First of all, think about factors of 21, certainly 3 and 7 multiply to positive 21. So let’s make the larger of those two a positive number, and the smaller of those two a negative number. If we have positive 7 and negative 3, those multiply to negative 21 and they add to positive 4. So those are the two numbers that we are looking for, positive 7 and negative 3.
And so that means that we can factor this into x plus 7 times x minus 3. And for all of these incidentally, as you’re practicing factoring, I would suggest once you think you have the factored form, a very good way to practice is foil those two on the right and make sure you wind up back at the form on the left.
In other words, if you can factor one way and then foil back to what you got, you really understand this very well.
Factoring Quadratics Practice Example Three
Here’s another one. Here we need a sum of negative 2 and a product of negative 35. So we know that one is negative and one is positive of the two numbers we are looking for because they have a negative product and the one with a bigger absolute value is negative. So what can we multiply to get 35, first of all?
Well, one obvious choice is 5 times 7, so let’s make the one with the bigger absolute value negative. So we’ll have positive 5 and negative 7 being multiplied to negative 35 and they add to negative 2. So these are the numbers that we need, and we can factor it into x minus 7 and x plus 5.
Now this one is interesting. Here we have a positive product but a negative sum. Well how does that happen? Well, this means that both the numbers are negative. Because in other words, if you have negative times negative that will give you a positive. But if you have positive plus negative that will give you a negative.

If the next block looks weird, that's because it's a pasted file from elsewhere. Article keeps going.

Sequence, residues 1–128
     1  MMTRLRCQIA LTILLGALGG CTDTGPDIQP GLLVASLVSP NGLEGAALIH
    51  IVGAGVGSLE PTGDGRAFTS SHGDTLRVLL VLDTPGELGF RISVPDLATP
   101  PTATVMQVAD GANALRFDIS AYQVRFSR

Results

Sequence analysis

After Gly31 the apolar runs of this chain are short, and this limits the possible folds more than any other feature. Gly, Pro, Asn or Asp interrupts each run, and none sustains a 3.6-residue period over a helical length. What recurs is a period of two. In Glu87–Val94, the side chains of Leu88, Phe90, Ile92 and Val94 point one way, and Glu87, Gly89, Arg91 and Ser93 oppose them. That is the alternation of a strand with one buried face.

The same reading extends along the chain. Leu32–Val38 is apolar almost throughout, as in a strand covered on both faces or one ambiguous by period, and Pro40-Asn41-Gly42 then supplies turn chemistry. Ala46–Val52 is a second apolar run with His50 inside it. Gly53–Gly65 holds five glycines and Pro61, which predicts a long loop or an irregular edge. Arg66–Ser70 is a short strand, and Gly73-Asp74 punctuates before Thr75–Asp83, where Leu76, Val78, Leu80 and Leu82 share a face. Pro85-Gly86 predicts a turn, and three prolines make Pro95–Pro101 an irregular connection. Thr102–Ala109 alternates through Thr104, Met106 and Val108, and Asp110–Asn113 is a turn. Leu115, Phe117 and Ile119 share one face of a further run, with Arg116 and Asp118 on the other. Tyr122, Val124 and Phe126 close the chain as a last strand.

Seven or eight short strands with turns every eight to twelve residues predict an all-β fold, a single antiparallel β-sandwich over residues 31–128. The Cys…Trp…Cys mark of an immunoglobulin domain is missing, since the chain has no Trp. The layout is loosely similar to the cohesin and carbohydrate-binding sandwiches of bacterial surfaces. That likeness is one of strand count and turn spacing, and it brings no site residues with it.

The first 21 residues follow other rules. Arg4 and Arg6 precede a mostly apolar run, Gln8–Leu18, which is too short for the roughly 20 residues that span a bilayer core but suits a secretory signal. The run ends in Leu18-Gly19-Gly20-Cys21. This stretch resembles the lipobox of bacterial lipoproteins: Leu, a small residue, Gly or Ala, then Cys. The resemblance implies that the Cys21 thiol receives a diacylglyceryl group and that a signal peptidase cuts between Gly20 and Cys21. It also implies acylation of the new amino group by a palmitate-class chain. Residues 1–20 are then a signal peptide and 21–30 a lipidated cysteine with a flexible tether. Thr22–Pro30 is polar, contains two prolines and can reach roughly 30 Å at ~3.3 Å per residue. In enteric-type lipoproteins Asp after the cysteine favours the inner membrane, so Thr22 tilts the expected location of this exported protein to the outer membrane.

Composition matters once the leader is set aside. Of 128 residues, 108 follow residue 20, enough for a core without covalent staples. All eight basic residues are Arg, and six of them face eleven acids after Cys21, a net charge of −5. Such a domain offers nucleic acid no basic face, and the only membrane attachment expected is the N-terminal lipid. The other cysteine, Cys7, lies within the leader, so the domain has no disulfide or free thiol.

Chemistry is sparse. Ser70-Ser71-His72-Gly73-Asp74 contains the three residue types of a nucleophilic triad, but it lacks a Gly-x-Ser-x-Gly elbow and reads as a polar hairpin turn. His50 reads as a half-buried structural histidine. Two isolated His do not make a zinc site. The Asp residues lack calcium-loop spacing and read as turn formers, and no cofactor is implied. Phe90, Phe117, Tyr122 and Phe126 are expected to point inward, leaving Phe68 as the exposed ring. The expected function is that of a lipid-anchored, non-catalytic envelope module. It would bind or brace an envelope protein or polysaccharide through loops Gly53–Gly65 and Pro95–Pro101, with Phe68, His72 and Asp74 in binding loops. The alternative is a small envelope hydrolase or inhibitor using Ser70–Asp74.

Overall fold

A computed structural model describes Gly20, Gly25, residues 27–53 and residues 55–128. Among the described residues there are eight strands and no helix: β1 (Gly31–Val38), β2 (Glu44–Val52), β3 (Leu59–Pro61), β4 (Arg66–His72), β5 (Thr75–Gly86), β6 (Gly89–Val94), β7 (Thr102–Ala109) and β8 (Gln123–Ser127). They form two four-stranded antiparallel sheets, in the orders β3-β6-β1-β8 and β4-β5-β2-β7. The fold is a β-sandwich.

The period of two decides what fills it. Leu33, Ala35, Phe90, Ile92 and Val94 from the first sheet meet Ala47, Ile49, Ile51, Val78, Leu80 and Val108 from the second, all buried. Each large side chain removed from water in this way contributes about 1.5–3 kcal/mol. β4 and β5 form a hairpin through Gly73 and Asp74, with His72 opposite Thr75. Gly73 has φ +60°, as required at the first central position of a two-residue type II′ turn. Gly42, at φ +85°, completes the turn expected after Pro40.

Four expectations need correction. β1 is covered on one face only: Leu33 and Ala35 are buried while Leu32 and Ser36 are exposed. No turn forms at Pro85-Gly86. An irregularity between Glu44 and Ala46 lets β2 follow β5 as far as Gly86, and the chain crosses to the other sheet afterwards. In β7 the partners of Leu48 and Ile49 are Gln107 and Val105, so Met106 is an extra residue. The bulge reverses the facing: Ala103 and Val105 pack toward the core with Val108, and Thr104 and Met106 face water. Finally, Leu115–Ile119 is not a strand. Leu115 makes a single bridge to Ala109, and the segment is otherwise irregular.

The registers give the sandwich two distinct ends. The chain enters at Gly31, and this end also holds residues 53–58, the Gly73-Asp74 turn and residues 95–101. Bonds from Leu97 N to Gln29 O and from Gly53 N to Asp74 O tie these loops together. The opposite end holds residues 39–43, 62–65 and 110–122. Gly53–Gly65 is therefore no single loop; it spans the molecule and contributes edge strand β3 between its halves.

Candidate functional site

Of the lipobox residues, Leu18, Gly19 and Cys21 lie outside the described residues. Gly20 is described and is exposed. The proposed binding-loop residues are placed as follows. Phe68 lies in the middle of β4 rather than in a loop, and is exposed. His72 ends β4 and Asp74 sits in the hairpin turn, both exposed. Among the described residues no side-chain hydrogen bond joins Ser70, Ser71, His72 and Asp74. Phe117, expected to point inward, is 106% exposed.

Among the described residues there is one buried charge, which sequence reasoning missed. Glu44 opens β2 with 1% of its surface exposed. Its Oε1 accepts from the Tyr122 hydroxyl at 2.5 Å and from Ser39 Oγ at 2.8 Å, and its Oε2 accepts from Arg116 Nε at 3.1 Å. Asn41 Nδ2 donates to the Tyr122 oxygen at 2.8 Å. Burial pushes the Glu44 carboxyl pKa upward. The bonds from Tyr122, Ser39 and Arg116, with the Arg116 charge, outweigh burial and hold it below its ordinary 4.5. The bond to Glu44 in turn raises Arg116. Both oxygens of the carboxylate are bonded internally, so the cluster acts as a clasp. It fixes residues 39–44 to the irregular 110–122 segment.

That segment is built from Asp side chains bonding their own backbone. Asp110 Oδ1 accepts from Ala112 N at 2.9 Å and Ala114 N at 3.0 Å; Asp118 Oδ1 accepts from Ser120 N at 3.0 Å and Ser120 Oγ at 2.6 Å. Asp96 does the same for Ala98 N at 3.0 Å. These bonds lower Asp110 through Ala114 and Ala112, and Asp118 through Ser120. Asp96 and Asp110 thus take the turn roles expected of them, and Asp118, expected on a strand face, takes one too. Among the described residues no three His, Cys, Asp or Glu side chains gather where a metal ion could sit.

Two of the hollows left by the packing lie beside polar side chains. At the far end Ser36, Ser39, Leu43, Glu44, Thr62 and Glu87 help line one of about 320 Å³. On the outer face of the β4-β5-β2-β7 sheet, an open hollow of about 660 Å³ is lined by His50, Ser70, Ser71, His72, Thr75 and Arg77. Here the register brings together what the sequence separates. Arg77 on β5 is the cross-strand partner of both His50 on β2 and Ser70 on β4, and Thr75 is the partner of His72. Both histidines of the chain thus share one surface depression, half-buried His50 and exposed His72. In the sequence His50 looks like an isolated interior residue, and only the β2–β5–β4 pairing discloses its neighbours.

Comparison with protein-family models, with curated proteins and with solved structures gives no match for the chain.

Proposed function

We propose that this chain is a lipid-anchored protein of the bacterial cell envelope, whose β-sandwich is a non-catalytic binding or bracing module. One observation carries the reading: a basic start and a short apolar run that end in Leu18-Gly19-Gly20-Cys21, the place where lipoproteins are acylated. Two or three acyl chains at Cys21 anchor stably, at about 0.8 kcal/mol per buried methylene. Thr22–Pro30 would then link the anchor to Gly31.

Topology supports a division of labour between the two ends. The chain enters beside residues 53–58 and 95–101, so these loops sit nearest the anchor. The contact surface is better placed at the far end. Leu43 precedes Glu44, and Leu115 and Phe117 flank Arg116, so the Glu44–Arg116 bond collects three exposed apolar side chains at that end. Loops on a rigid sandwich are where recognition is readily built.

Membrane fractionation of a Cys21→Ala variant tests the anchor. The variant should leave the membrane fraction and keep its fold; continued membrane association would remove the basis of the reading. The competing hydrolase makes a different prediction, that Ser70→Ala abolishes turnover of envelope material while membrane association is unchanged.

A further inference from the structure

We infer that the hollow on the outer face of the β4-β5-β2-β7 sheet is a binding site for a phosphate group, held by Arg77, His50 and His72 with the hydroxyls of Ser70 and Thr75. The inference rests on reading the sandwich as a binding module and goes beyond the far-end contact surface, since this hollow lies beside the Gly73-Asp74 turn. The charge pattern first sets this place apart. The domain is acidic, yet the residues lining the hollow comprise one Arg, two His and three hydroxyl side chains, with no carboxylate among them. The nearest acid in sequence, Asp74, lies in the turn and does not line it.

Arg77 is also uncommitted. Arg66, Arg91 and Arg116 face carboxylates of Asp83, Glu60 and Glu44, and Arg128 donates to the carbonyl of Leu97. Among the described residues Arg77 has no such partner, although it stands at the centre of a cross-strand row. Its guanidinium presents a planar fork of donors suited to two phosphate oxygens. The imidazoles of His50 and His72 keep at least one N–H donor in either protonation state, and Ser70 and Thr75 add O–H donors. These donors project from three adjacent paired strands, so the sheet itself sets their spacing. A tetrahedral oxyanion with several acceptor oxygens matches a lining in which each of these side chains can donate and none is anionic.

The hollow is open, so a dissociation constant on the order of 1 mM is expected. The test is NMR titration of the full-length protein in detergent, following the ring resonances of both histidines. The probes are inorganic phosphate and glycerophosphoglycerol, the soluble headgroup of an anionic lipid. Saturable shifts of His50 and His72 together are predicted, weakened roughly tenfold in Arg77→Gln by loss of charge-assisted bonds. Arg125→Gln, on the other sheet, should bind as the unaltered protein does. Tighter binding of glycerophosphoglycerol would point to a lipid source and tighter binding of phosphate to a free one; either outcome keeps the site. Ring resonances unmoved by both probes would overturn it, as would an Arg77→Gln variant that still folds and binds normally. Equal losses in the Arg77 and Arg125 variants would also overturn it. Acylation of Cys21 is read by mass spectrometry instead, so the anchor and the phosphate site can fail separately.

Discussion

Both numbers must be negative. So we need two numbers that multiply to 48. And really one way to think about it is they multiply to 40 and have a sum of positive 60 and then we’ll just make them both negative. Well, certainly 6 times 8, 6 times 8 has the sum of, 6 of 8 has the sum of 14 that doesn’t work.
We could do 4(12) is the sum of 16 so negative 4 times negative 12 would be positive 48 but negative 4 plus negative 12 would have a sum of negative 16. These are the two numbers that we need so we can factor this into x minus 12 and x minus 4. Incidentally, notice once again with multiplication it doesn’t matter the order that we write things in, I could have written this as X-4 (x)- 12) same thing.
Doesn’t matter at all because multiplication is community we can write the factors in any order.
Here’s some practice problems. Pause the video and factor all of these. And here are the answers. Notice that this method only works if the coefficient of x squared the quadratic coefficient is 1.
If the quadratic coefficient is something other than one, chances are very good that one of these other factoring methods can be used. So the difference of two squares, or greatest common factor, may mean that we have to factor out of greatest common factor, then we get an ordinary quadratic. So, we’ll have to talk about combined factoring techniques if something like that comes comes into play.
And that’s what we’ll talk about in our next video. In this lesson we learned the methods for factoring a basic quadratic into a product to two linear binomials. The linear coefficient of the quadratic is the sum of the two unknown numbers, and the constant term of the quadratic is the product of the two unknown numbers.